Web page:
Letter to the editor: Slow down
To the editor:
City commissioners approved $114,000 to pay a consulting company to develop a slogan and campaign to slow down traffic in neighborhoods. A slogan and campaign won’t cause drivers to slow down. Inconveniences and money slow down drivers.
Drivers don’t like inconveniences that slow them down: brick streets, speed bumps, street imperfections, roundabouts, potholes, “bottom out” spots, etc. Drivers don’t like spending money on speeding tickets and vehicle damage due to driving too fast over the inconveniences. Let’s ask ourselves a question. Do residential streets need to be perfect? Or are imperfect residential streets part of the solution to slowing down drivers? What if residential sidewalks were perfect instead of residential streets? Neighborhood streets need maintenance but done wisely.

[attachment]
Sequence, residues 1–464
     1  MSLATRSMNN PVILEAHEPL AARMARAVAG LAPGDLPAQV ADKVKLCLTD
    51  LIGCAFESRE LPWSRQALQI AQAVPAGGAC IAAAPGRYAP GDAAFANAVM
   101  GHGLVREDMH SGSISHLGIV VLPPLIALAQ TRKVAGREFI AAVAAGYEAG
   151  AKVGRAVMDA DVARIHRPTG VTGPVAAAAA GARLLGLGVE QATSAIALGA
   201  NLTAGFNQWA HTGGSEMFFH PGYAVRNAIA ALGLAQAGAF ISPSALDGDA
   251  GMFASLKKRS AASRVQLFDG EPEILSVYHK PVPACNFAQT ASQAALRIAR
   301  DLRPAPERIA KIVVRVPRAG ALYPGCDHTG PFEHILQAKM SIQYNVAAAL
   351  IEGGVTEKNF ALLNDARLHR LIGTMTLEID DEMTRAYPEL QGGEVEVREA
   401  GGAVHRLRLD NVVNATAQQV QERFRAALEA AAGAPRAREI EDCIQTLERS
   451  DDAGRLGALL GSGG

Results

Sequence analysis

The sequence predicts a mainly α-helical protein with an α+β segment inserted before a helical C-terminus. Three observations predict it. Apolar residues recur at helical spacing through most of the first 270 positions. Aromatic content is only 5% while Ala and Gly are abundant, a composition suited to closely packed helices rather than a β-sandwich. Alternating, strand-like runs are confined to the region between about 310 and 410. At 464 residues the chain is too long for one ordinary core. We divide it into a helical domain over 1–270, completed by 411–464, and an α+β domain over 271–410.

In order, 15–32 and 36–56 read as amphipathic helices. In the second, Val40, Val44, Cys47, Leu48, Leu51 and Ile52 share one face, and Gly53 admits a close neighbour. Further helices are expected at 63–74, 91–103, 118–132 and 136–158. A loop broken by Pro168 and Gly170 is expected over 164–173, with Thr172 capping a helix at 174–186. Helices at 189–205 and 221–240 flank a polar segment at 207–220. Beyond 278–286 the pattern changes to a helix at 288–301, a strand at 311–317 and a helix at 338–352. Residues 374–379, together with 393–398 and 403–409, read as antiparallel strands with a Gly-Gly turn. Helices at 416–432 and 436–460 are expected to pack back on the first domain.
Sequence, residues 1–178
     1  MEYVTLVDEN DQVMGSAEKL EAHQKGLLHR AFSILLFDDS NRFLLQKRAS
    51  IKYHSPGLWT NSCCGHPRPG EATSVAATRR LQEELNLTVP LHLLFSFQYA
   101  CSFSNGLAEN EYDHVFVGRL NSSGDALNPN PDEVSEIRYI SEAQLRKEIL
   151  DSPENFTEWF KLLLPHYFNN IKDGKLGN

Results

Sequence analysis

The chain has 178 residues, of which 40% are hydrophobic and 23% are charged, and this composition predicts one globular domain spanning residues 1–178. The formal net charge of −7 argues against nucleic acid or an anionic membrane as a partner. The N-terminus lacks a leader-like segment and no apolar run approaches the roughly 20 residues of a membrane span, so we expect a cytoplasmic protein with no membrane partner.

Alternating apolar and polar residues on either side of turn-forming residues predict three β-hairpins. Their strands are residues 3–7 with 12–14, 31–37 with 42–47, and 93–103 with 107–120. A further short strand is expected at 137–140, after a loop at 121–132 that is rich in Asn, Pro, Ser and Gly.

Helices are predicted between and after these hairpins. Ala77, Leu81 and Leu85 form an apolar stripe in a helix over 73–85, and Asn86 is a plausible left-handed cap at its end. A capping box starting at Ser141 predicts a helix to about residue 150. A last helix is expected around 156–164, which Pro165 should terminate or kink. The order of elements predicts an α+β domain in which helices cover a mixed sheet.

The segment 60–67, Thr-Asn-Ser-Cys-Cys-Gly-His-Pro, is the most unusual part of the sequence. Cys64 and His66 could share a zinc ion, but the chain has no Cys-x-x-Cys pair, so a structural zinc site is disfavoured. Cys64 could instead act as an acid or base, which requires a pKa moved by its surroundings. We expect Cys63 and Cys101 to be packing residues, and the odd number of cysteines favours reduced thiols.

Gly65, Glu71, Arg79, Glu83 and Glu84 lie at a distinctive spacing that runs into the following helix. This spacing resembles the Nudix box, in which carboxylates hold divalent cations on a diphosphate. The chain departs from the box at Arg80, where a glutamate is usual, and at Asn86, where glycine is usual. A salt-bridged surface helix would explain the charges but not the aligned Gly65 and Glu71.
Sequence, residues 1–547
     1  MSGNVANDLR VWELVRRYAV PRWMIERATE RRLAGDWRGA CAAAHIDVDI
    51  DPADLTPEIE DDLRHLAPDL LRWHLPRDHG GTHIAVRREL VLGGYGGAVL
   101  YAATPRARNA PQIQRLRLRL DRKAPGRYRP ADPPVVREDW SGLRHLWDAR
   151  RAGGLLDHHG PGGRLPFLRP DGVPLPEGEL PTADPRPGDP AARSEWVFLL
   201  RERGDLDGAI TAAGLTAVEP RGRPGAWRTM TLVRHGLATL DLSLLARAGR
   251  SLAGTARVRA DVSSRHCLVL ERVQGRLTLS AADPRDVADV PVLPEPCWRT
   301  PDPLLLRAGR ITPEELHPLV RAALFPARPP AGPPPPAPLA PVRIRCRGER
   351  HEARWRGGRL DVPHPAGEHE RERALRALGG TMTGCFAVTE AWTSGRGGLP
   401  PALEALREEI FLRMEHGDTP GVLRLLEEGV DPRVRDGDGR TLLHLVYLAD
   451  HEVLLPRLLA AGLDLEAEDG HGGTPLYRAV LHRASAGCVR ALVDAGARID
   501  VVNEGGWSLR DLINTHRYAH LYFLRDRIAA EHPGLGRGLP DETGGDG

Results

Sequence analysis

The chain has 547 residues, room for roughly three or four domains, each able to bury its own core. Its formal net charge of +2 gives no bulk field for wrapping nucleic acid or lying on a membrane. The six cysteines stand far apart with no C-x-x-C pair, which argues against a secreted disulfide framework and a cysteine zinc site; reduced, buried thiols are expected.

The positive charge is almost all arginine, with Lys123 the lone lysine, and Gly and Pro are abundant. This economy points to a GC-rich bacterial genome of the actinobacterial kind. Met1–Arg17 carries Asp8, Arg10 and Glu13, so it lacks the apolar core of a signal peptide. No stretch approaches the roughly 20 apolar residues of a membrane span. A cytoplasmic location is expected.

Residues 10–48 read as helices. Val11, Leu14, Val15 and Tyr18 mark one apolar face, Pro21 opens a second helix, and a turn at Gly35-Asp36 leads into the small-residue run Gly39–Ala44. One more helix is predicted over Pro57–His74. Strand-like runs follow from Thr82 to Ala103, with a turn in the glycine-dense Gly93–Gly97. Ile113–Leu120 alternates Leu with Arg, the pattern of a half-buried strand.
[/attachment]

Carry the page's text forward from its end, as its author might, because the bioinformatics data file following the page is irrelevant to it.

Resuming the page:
I lived in a neighborhood with a “bottom out” intersection. Drivers slowed down or lost pieces of their cars. The intersection was fine when driving the speed limit. The city fixed the “bottom out” intersection. Then later installed a roundabout nearby to slow traffic down. The money spent fixing the “bottom out” intersection and roundabout could have been spent elsewhere since the “bottom out” intersection actually solved speeding problems.
Lawrence should spend $114,000 implementing known solutions for slowing traffic down instead of paying a consulting company to develop a slogan and campaign.